World leaders ‘failed to listen’; Transportation heads warn of supply chains ‘collapse’

by WorldTribune Staff, October 5, 2021

World leaders were so consumed with lockdowns and travel bans amid the Covid pandemic that they failed to heed warnings that global supply chains were in jeopardy of collapsing, officials in the maritime, road, and aviation shipping industries said.

The world road transport organization (IRU), the International Air Transport Association (IATA), the International Chamber of Shipping (ICS), and the International Transport Workers’ Federation (ITF), in a joint open letter on Sept. 29, said: “We are witnessing unprecedented disruptions and global delays and shortages on essential goods including electronics, food, fuel and medical supplies. Consumer demand is rising and the delays look set to worsen ahead of Christmas and continue into 2022.”

Container ships are stacked up outside of California’s Long Beach port waiting to unload.

The transportation industry leaders asked the UN, the World Health Organization and anyone else who cared to listen that it was vital for them to intervene to prevent a “global transport systems collapse.”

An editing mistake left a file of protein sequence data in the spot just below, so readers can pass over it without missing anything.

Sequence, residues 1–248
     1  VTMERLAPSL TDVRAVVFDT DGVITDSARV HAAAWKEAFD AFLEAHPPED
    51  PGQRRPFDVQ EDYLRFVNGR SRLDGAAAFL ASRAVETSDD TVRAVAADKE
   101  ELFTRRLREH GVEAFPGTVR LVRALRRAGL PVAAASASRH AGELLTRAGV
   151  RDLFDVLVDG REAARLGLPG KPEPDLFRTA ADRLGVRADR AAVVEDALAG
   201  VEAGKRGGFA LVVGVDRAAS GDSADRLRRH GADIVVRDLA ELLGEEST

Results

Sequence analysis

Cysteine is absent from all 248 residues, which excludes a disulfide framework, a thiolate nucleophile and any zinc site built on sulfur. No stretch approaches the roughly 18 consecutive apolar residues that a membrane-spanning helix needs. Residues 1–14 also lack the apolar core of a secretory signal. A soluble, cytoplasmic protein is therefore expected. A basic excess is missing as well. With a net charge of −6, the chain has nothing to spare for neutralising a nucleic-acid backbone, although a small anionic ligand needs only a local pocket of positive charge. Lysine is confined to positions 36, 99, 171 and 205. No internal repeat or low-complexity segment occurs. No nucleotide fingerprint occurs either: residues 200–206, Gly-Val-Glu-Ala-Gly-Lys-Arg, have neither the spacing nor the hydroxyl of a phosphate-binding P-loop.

“Since the outset of the Covid-19 pandemic, the maritime, road and aviation industries have called loudly and clearly on governments to ensure the free movement of transport workers and to end travel bans and other restrictions that have had an enormously detrimental impact on their wellbeing and safety,” the joint letter said. “Transport workers keep the world running and are vital for the free movement of products, including vaccines and PPE, but have been continually failed by governments and taken for granted by their officials.”

The letter referred to ships stuck at sea waiting to be unloaded.

In the U.S., reports noted that 70 container ships were anchored near the Port of Long Beach in California. Some have been anchored for up to 45 days waiting to unload.

The same scene was reported in New York.

The transportation industries “have all continued to keep global trade flowing throughout the pandemic, but it has taken a human toll,” the joint letter said. “At the peak of the crew change crisis 400,000 seafarers were unable to leave their ships, with some seafarers working for as long as 18 months over their initial contracts. Flights have been restricted and aviation workers have faced the inconsistency of border, travel, restrictions, and vaccine restrictions/requirements. Additional and systemic stopping at road borders has meant truck drivers have been forced to wait, sometimes weeks, before being able to complete their journeys and return home.”

The joint letter continued: “It is of great concern that we are also seeing shortages of workers and expect more to leave our industries as a result of the poor treatment they have faced during the pandemic, putting the supply chain under greater threat.”


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